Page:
4.
Journal of Civil Engineering Education ; 149(4), 2023.
Article in English | Scopus | ID: covidwho-20238409

ABSTRACT

When the ethical responsibilities of engineers are discussed in classrooms, the focus is usually on microethics, which concentrates on individual decision-making, rather than macroethics, that addresses broad societal concerns. Pandemics (e.g., COVID-19) and natural disasters (e.g., hurricanes, derechos) have presented unique opportunities to observe engineering macroethical responsibilities, because unjust social, economic, and environmental systems have been brought to the forefront amidst the responses (e.g., inequitable transportation access). In this paper, we consider pandemics and natural disasters through the lens of engineering macroethics, aiming to understand students' perceptions about the macroethical responsibilities of engineers. In the fall of 2020, we deployed a survey to undergraduate engineering students at two universities (n=424). Students were asked to discuss what they perceived to be the role of engineering professionals in response to the global COVID-19 pandemic and natural disasters. We used a qualitative content analysis to explore the macroethical responsibilities mentioned in students' responses. Many of these responses include considerations of infrastructure resilience, resource distribution, and community equity. Logit models were used to identify which sociodemographic factors were associated with responses that included macroethical responsibilities, revealing engineering major (specifically, civil engineering), employment status, gender identity, and family size, among others as significant factors. The implications from this study include recommendations on curricular content, and identifying which student sociodemographic groups would especially benefit from macroethical content in coursework. © 2023 American Society of Civil Engineers.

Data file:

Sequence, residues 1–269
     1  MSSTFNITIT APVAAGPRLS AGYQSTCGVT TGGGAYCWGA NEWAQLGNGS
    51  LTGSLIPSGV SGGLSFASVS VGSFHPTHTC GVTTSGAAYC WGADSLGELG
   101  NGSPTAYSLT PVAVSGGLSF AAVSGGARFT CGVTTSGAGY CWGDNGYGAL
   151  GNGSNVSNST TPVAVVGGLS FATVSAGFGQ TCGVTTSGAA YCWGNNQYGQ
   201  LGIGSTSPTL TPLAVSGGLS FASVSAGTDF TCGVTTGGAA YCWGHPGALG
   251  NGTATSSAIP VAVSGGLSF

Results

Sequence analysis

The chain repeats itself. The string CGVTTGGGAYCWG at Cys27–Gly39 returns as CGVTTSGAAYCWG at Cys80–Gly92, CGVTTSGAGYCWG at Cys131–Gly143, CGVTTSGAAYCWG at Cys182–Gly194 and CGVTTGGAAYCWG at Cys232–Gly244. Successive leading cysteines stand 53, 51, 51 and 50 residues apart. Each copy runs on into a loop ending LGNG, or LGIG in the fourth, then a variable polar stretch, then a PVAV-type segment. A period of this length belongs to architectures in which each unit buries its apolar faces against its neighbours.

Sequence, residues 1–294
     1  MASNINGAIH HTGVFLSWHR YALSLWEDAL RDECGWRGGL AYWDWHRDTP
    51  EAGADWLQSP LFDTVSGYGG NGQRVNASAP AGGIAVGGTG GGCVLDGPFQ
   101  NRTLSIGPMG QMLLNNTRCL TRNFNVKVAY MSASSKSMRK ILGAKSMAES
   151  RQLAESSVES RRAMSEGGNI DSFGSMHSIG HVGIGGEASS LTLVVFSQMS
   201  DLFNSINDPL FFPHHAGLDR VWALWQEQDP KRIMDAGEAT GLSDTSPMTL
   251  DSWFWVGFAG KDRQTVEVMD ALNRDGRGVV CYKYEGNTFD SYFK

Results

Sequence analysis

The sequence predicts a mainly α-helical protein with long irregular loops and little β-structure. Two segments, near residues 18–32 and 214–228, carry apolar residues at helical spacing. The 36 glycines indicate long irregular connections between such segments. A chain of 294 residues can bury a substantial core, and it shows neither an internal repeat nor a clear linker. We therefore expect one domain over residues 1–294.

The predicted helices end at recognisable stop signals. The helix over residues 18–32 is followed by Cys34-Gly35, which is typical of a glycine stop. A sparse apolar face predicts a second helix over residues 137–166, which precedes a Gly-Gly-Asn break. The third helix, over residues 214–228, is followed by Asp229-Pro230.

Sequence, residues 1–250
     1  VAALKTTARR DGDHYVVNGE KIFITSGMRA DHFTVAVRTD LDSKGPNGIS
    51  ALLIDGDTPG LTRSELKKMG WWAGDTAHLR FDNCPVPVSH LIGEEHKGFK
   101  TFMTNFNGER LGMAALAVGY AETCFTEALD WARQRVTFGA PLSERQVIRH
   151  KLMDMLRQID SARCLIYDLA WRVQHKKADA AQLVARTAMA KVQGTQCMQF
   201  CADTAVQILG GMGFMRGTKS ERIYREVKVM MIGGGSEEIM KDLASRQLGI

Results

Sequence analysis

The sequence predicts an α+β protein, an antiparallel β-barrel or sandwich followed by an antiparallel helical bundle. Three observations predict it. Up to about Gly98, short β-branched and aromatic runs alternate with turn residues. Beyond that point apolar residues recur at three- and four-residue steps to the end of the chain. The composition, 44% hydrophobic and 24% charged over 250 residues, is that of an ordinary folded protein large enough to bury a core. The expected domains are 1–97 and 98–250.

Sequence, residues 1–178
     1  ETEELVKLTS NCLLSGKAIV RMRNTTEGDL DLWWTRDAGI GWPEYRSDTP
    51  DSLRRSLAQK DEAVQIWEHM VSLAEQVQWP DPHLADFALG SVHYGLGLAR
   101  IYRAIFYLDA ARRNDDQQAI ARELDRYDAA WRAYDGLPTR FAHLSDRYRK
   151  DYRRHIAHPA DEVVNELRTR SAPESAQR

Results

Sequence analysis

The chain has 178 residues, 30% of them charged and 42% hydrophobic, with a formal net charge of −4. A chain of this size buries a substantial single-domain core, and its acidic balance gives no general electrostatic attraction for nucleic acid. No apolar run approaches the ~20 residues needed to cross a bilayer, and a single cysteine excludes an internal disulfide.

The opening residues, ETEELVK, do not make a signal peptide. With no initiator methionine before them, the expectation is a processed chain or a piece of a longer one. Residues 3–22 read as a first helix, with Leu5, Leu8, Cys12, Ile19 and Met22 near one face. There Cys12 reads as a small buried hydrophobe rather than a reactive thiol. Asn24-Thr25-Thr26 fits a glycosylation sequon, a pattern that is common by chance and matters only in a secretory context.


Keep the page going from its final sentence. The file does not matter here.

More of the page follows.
5.
Nephrology and Dialysis ; 25(1):26-35, 2023.
Article in Russian | Scopus | ID: covidwho-20236957

ABSTRACT

As the rate of natural disasters and other devastating events caused by human activities increases, the burden on the health and well-being of those affected by kidney disease has been immeasurable. Health system preparedness, which involves creating a resilient system that is able to deal with the health needs of the entire community during times of unexpected disruptions to usual care, has become globally important. In the wake of the COVID-19 pandemic, there is a heightened awareness of the amplification of negative effects on the renal community. Paradoxically, the complex medical needs of those who have kidney diseases are not met by systems handling crises, often compounded by an acute increase in burden via new patients as a result of the crisis itself. Disruptions in kidney care as a result of unexpected events are becoming more prevalent and likely to increase in the years to come. It is therefore only appropriate that the theme for this year's World Kidney Day will focus on Kidney Health for All: preparedness for the unexpected in supporting the vulnerable. © 2023 JSC Vidal Rus. All rights reserved.